I have one credit card with $1,000 limit and I have zero balance. Should I be charging stuff to improve my FICO score? I really dont need it as I like to pay cash for everything --Frank
Hi Frank, what a great position you’re in. And, as such, I’d like for you to prepare for a rainy day by doing a little strategic credit planning. You have almost no buying power right now and there will come a time when you need more than $1,000 available credit. Think about the cost to buy a plane ticket, replace your tires, buy some nice clothes for a new job, or even a combination of these things. You simply can’t do them all right now, and certainly not without hurting your credit scores because you’ll be too close to your limit when you’re done. And what if your credit card lender decides to close your only account?? You need options my friend!!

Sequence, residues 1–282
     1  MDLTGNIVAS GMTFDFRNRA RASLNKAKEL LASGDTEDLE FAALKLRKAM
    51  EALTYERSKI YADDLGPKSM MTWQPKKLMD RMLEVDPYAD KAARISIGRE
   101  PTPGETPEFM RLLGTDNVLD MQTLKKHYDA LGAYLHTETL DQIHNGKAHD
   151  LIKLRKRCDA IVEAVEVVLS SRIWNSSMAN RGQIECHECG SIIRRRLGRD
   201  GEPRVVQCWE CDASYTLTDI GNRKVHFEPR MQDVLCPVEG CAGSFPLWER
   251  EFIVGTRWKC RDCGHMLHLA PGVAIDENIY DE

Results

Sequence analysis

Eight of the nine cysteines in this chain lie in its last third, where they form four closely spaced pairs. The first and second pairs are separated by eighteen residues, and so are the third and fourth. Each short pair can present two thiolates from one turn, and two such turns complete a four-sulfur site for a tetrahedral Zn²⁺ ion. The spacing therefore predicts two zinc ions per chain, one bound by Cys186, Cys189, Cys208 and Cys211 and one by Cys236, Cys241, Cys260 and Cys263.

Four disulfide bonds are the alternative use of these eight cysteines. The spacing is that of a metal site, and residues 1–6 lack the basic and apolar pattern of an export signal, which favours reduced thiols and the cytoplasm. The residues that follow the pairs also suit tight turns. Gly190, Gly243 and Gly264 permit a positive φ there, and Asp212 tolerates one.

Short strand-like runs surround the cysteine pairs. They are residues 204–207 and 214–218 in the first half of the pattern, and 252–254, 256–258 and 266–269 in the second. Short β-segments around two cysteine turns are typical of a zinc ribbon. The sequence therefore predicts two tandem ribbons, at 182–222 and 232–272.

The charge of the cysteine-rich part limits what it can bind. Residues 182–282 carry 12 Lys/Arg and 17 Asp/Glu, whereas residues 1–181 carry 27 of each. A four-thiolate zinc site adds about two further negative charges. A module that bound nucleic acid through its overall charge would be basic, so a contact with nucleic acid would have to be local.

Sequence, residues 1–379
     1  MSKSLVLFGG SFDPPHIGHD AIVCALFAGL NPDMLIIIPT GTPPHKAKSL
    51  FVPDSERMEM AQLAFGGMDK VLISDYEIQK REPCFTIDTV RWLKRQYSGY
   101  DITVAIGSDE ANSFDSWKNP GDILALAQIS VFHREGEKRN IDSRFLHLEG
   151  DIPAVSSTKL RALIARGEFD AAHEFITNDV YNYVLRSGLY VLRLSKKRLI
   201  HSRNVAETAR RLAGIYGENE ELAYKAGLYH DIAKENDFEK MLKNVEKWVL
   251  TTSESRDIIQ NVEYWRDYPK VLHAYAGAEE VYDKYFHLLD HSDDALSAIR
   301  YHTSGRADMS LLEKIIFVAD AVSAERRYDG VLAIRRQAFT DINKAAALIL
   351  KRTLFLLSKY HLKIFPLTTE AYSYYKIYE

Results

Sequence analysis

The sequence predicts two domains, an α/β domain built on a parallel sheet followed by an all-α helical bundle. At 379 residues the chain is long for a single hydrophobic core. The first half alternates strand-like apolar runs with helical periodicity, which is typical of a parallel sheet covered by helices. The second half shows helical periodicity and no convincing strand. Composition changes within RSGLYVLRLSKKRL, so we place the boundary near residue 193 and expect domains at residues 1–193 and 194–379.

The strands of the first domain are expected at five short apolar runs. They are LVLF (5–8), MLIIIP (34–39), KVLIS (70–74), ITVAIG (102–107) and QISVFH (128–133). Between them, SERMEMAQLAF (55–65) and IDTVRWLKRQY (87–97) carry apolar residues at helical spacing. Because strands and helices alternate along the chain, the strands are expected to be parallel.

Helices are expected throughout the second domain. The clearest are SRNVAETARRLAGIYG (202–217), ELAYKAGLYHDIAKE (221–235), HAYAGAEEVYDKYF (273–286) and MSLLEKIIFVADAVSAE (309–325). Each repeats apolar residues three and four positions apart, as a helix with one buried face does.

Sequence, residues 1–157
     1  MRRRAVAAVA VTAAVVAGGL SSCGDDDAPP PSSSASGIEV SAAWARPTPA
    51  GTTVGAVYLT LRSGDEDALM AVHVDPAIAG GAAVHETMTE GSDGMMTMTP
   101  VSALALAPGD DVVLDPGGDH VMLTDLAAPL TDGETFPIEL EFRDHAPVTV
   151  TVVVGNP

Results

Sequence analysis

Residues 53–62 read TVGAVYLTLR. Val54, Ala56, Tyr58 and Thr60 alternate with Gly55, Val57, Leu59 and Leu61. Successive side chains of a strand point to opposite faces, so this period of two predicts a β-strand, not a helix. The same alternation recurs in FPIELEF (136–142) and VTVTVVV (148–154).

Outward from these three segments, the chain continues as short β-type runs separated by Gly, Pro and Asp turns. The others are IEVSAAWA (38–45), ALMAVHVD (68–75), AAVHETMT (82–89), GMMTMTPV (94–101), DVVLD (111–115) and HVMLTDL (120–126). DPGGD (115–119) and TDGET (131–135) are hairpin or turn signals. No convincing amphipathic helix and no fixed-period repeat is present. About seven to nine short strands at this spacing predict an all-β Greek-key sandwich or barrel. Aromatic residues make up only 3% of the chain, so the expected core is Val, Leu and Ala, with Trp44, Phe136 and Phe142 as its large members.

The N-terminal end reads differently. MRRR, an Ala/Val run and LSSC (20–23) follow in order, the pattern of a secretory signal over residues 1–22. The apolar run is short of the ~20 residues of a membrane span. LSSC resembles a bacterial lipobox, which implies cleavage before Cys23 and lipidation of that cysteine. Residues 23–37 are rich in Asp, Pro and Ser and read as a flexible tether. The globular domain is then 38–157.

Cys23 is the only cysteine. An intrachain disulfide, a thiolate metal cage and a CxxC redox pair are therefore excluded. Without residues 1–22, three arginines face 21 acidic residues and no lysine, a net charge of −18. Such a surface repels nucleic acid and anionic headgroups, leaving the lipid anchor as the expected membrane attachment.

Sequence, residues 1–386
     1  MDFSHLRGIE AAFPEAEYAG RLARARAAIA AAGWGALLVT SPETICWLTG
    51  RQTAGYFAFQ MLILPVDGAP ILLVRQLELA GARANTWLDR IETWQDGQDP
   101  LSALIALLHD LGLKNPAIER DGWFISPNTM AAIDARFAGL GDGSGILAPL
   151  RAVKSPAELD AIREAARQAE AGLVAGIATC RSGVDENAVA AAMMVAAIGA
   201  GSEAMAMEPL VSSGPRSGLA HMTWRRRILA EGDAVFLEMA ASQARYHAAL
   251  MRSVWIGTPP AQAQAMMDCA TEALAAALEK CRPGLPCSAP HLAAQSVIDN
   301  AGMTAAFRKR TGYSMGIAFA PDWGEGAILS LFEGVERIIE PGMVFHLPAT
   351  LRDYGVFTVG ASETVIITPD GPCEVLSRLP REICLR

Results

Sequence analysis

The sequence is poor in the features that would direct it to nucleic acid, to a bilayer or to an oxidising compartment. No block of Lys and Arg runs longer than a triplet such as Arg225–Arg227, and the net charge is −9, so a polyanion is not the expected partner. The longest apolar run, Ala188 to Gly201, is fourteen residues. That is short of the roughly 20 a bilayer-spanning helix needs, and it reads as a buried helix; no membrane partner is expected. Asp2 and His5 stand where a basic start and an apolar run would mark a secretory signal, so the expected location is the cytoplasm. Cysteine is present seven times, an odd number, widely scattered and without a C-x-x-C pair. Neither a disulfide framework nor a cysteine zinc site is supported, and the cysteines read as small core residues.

I’d like for you to open another credit card, preferably a Visa or MasterCard so you can use it anywhere. And in 6 months I’d like you to open another. Shop for rewards cards that report to all three credit bureaus; you can do that at credit.com. Now this isn’t permission to get into debt. This is you building a portfolio of credit vehicles for the sole purpose of the following…
• Access to capital – We’ll all need it eventually. I just spent $2,900 on my wife’s car!!
• Ability to charge more expensive items without damaging your credit scores – If you charged the cost of a new washer and dryer on your card (~$500) then you’d be 50% maxed out…not good for your scores my friend. The more available credit you have the better. You can accomplish that with more cards, unused.
• Options – If one of your credit card lenders starts treating you poorly, then move on. You can’t do that right now.
Use each of your cards at least once per quarter so the lender doesn’t close the account because of inactivity. Pay them in full each month. Never revolve a balance. And finally, send me an email in 24 months when your scores are in the high 700s.
[John Ulzheimer is a nationally recognized credit expert and contributor to On the Money. Learn more at Credit.com or JohnUlzheimer.com]